The first issue is behavioural. Fixed maturity plan investors are just as risk-averse as fixed deposit investors and it is a shock for them to discover that their cash is not safe. Also fixed maturity plans are often taken by people who have mentally reallocated those funds to some other purpose, at the time of closure, and who are now short of liquidity on some other front, where they were intending to use those funds. This could be prepayment of a housing loan, a family wedding, or whatever. Not getting the full indicative return at the specific time is hard for these investors to take.

The reason for this crunch indicates the deeper malaise affecting the Indian debt market. Unlisted firms in the Zee group borrowed money, pledging shares in listed group companies as collateral. When the defaults happened, and some creditors sold the pledged shares, the share price crashed. So creditors could not recover the full value of their outstanding loans.

The group asked for time and came to a “standstill” arrangement. Creditors would give the group time until September to arrange to repay loans (probably by selling strategic stakes in businesses, or by selling assets). Until September, creditors agreed that they would not sell the pledged shares. If they are lucky they will recover their loans.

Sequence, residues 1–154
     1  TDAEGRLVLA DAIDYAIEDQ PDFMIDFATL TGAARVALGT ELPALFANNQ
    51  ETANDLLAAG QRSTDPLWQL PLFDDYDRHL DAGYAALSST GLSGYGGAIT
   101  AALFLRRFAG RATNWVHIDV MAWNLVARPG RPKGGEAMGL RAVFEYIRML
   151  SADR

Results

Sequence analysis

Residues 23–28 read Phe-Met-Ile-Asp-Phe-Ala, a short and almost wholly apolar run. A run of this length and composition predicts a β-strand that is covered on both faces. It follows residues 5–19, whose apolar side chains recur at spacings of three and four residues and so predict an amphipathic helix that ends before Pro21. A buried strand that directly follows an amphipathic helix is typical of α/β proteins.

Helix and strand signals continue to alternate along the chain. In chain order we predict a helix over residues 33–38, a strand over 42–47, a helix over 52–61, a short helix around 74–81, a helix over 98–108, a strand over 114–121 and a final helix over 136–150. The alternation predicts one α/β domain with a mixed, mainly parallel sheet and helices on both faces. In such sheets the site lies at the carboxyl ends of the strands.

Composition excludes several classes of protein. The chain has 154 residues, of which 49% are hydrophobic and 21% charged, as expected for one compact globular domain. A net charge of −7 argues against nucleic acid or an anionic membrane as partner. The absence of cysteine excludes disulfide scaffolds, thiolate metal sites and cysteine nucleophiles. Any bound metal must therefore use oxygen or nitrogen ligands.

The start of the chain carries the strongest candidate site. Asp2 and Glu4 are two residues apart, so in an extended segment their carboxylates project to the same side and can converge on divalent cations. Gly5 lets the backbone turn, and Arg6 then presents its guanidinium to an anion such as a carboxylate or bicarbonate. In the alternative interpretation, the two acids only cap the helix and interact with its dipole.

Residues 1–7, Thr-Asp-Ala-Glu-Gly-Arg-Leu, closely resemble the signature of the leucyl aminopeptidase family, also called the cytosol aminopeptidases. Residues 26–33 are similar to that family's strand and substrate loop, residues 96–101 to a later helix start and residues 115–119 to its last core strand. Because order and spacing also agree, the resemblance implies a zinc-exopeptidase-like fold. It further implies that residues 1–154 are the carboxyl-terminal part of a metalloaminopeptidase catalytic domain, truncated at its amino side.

In this particular instance, as in many others, credit ratings and reputations turned out to be misleading. Taking pledged shares as collateral is also a dangerous procedure because the value of those shares drops the instant the default situation is known.

Dodgy debt?

Most mutual fund investors are aware that funds carry some risk. Equity funds are obviously exposed to swings in share prices. Most debt funds also carry varying levels of risk to principal because debt funds trade debt to try and profit from swings in interest rates. Fixed maturity plan investors are now learning to their dismay that even these fixed deposit-liked instruments carry risk.

This may be just the tip of the iceberg where a lot of mutual fund debt is concerned. Pledging shares to raise loans is an accepted Indian custom and the credit rating system appears to be completely broken. Given the mayhem in banking and non banking financial companies, it is extremely probable that a lot of debt held by funds is dodgy, to say the least.